Genetic variation in TNF and IL10 and risk of non-Hodgkin lymphoma: a report from the InterLymph Consortium

Nathaniel Rothman, Christine F Skibola, Sophia S Wang, Gareth Morgan, Qing Lan, Martyn T Smith, John J Spinelli, Eleanor Willett, Silvia De Sanjose, Pierluigi Cocco, Sonja I Berndt, Paul Brennan, Angela Brooks-Wilson, Sholom Wacholder, Nikolaus Becker, Patricia Hartge, Tongzhang Zheng, Eve Roman, Elizabeth A Holly, Paolo BoffettaBruce Armstrong, Wendy Cozen, Martha Linet, F Xavier Bosch, Maria Grazia Ennas, Theodore R Holford, Richard P Gallagher, Sara Rollinson, Paige M Bracci, James R Cerhan, Denise Whitby, Patrick S Moore, Brian Leaderer, Agnes Lai, Charlotte Spink, Scott Davis, Ramon Bosch, Aldo Scarpa, Yawei Zhang, Richard K Severson, Meredith Yeager, Stephen Chanock, Alexandra Nieters

    Research output: Contribution to journalArticlepeer-review

    Abstract

    BACKGROUND: Common genetic variants in immune and inflammatory response genes can affect the risk of developing non-Hodgkin lymphoma. We aimed to test this hypothesis using previously unpublished data from eight European, Canadian, and US case-control studies of the International Lymphoma Epidemiology Consortium (InterLymph).

    METHODS: We selected 12 single-nucleotide polymorphisms for analysis, on the basis of previous functional or association data, in nine genes that have important roles in lymphoid development, Th1/Th2 balance, and proinflammatory or anti-inflammatory pathways (IL1A, IL1RN, IL1B, IL2, IL6, IL10, TNF, LTA, and CARD15). Genotype data for one or more single-nucleotide polymorphisms were available for 3586 cases of non-Hodgkin lymphoma and for 4018 controls, and were assessed in a pooled analysis by use of a random-effects logistic regression model.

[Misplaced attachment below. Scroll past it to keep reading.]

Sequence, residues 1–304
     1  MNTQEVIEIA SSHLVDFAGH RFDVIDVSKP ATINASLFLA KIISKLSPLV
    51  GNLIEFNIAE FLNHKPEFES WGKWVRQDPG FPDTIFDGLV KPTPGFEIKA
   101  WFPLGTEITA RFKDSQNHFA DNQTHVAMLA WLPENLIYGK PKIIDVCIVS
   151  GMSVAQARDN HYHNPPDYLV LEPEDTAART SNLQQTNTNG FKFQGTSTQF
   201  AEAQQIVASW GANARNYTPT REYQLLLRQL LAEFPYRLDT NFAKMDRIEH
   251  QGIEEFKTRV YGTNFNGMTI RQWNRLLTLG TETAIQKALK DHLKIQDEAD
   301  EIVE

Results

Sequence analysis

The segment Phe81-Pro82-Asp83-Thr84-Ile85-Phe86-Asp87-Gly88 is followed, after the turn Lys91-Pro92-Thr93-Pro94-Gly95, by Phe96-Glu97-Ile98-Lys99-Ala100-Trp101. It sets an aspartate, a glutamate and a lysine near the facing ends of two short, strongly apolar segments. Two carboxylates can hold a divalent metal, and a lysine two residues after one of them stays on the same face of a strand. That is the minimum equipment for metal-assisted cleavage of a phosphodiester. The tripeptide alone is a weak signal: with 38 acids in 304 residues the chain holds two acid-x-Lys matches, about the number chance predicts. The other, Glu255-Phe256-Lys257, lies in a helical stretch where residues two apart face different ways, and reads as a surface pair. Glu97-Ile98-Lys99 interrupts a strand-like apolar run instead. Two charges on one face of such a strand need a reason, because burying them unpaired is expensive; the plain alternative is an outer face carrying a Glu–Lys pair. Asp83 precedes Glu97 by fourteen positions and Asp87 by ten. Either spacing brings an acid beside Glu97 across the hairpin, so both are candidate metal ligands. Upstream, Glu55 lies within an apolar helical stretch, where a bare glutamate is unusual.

FINDINGS: The tumour necrosis factor (TNF) -308G-->A polymorphism was associated with increased risk of non-Hodgkin lymphoma (p for trend=0.005), particularly for diffuse large B-cell lymphoma, the main histological subtype (odds ratio 1.29 [95% CI 1.10-1.51] for GA and 1.65 [1.16-2.34] for AA, p for trend <0.0001), but not for follicular lymphoma. The interleukin 10 (IL10) -3575T-->A polymorphism was also associated with increased risk of non-Hodgkin lymphoma (p for trend=0.02), again particularly for diffuse large B-cell lymphoma (p for trend=0.006). For individuals homozygous for the TNF -308A allele and carrying at least one IL10 -3575A allele, risk of diffuse large B-cell lymphoma doubled (2.13 [1.37-3.32], p=0.00083).

    INTERPRETATION: Common polymorphisms in TNF and IL10, key cytokines for the inflammatory response and Th1/Th2 balance, could be susceptibility loci for non-Hodgkin lymphoma. Moreover, our results underscore the importance of consortia for investigating the genetic basis of chronic diseases like cancer.

    Original languageEnglish
    Pages (from-to)27-38
    Number of pages12
    JournalThe Lancet. Oncology
    Volume7
    Issue number1
    DOIs
    Publication statusPublished - Jan 2006

    Keywords

    • Case-Control Studies
    • Genetic Predisposition to Disease
    • Genotype
    • Humans
    • Inflammation
    • Interleukin-10
    • Lymphoma, Non-Hodgkin
    • Pedigree
    • Polymorphism, Single Nucleotide
    • Risk Factors
    • Tumor Necrosis Factor-alpha
    • Journal Article
    • Research Support, N.I.H., Extramural
    • Research Support, N.I.H., Intramural
    • Research Support, Non-U.S. Gov't

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